The uncorrected visual acuity was 1.0 in both eyes. Regular, smooth keratometry readings were 44.0 × 43.5 D in the right eye, and 43.0 × 43.0 D in the left eye. Corneal sensitivity measured with a cotton tip was normal. Gonioscopy showed no abnormalities of the anterior chamber angle. Our patient denied any previous ocular, orbital, or eyelid surgery, and, in particular, any type of excimer laser photoablation treatment. Except for the ocular trauma 14 years before, his medical history was unremarkable. He denied any symptoms of photophobia, pain, cold sores, or fever blisters. He had a profession in the paint producing industry, and worked with liquid trichlorethylene. He denied oral intake of vitamin D, antihyperglycaemic, antiprotozoa (quinacine), antiarrhythmic, antirheumatic (gold, indomethacin), antiviral medication, iron, migraine (ergotamine), silver containing antibacterial, antipsychotic, antiangina (amiodarone), or antimalarial (chloroquine) drugs.
The haematological examination, serum copper and lipoprotein spectrum (VLDL, LDL, HDL, triglycerides, cholesterol, apolipoprotein I and II) were normal. Serological tests for syphilis (VDRL and TPHA), Lyme disease, and sarcoid (angiotensin converting enzyme and lysozyme) were negative. Urine analysis for mucopolysaccharides, amino acids, and organic acids (homogentisic acid) in the urine showed no abnormalities. With ultrasound biomicroscopy the corneal deposition could not be detected.
The patient’s father was found to have a mild arcus senilis in both corneas, and his mother had bilateral crocodile shagreen. The 4 year old son of our patient showed no corneal abnormalities, and his 1 year old daughter did not permit ocular examination. The patient’s brother was not available for examination.
A mid peripheral ring opacity has been described in six elderly patients (Table 1).1-5 Three of these patients presented with unilateral marginal infiltrate or iritis.1 2 It was suggested that the rings resulted from a non-specific degeneration at an advanced age, or from a bilateral immunological reaction associated with unilateral ocular inflammation (Wessely ring). We observed a bilateral, mid peripheral ring opacity in a healthy patient as a coincidental finding during routine ocular examination. Because our patient was relatively young and had never suffered from ocular inflammation, the aetiology of the ring-shaped corneal opacity is currently undetermined.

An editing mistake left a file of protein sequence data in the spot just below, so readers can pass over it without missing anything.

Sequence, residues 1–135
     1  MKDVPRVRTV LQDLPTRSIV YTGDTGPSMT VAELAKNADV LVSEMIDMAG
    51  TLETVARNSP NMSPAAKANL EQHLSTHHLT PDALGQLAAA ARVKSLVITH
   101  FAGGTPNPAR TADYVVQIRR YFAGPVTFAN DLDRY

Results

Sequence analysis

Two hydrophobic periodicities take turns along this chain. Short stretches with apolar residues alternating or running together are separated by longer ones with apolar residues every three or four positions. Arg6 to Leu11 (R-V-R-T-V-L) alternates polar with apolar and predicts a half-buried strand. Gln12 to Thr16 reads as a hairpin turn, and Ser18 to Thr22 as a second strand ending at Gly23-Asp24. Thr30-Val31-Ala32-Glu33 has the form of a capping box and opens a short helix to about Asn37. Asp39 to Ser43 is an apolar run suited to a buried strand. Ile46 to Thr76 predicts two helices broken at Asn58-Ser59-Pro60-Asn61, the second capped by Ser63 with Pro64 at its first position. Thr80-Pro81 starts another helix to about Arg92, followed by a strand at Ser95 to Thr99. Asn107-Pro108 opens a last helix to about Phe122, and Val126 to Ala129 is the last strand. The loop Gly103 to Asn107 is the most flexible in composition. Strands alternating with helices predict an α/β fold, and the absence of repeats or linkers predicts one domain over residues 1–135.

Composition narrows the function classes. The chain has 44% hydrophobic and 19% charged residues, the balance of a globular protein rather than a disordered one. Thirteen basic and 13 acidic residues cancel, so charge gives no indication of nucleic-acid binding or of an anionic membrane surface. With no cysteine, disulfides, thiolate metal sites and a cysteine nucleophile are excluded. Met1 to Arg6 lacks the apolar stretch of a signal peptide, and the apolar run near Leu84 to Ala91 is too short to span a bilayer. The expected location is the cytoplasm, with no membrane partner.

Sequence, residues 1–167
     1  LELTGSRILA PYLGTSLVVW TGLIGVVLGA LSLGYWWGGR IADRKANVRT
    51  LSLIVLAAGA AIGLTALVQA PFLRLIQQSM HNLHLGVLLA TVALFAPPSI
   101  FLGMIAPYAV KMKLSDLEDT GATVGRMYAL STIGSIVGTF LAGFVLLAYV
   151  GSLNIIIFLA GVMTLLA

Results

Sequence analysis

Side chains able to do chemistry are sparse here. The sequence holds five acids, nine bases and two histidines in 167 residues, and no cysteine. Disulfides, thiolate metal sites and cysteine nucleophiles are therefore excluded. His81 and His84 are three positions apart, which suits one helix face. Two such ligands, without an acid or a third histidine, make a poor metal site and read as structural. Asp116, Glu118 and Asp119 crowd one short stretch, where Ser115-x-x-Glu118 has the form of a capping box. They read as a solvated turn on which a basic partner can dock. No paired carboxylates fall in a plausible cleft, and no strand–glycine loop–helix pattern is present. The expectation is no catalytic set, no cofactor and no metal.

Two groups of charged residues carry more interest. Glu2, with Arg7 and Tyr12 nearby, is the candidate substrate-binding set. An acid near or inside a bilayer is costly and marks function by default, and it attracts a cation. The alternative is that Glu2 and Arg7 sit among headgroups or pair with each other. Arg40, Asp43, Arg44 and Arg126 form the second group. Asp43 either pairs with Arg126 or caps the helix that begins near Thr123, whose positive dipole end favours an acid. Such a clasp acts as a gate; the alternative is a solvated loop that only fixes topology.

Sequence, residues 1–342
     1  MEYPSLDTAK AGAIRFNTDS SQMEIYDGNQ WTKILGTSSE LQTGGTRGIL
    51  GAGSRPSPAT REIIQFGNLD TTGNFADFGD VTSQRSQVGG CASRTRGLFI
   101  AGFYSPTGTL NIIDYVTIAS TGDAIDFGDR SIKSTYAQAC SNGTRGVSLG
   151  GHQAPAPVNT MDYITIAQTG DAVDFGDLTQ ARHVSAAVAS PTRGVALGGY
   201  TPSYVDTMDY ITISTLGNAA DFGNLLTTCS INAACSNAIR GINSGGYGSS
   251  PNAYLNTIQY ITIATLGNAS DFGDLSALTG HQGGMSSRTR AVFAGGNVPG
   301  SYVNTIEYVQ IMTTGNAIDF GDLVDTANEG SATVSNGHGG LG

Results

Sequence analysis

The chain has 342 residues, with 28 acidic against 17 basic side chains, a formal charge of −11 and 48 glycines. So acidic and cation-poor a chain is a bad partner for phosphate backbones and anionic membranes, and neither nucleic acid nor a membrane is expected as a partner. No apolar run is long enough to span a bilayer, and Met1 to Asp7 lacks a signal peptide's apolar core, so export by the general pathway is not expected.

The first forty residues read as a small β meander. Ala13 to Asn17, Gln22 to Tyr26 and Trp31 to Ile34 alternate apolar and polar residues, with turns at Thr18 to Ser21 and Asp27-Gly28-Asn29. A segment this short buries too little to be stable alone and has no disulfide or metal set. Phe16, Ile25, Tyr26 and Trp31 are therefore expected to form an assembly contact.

In the cornea, six patterns of pathological responses thought to be attributed to corneal opacity have been described: immune response, deposition, proliferation, defects, fibrosis with vascularisation, and oedema with cysts.6 In our patient, there was no evidence of an addition or a loss of corneal tissue, oedema, or vascularisation so the corneal ring opacity may be classified best as an “immune response” or a “deposition”.
The most common immunological reaction that leaves a stromal, ring-shaped opacity is the Wessely ring after herpetic keratitis.7 Such a stromal scar most often follows (recurrent attacks of) stromal oedema associated with herpetic keratitis. Autoimmune disorders may often be limited to the peripheral cornea.7 8 Humoral and cellular factors from the limbal area may react to agents present within the central cornea, which may result in accumulation of immune complexes and associated inflammation in the peripheral cornea. However, since our patient did not have a history of keratouveitis or any evidence of systemic vasculitis, an interstitial or autoimmune keratitis may be an unlikely explanation for the development of the observed corneal ring opacity.
Corneal depositions have been described to originate from three sources—topical or systemic drugs, ocular or systemic metabolic disorders, and corneal dystrophies or degenerations.6Corneal opacities induced by topical or systemic drugs usually involve both the central and peripheral cornea.9 To our knowledge, accumulation of a drug in a ring-shaped fashion in the anterior stroma has not been described. In his profession, our patient was exposed for a prolonged period of time to vaporised trichlorethylene, but corneal opacification with systemic use of this drug has not been described.9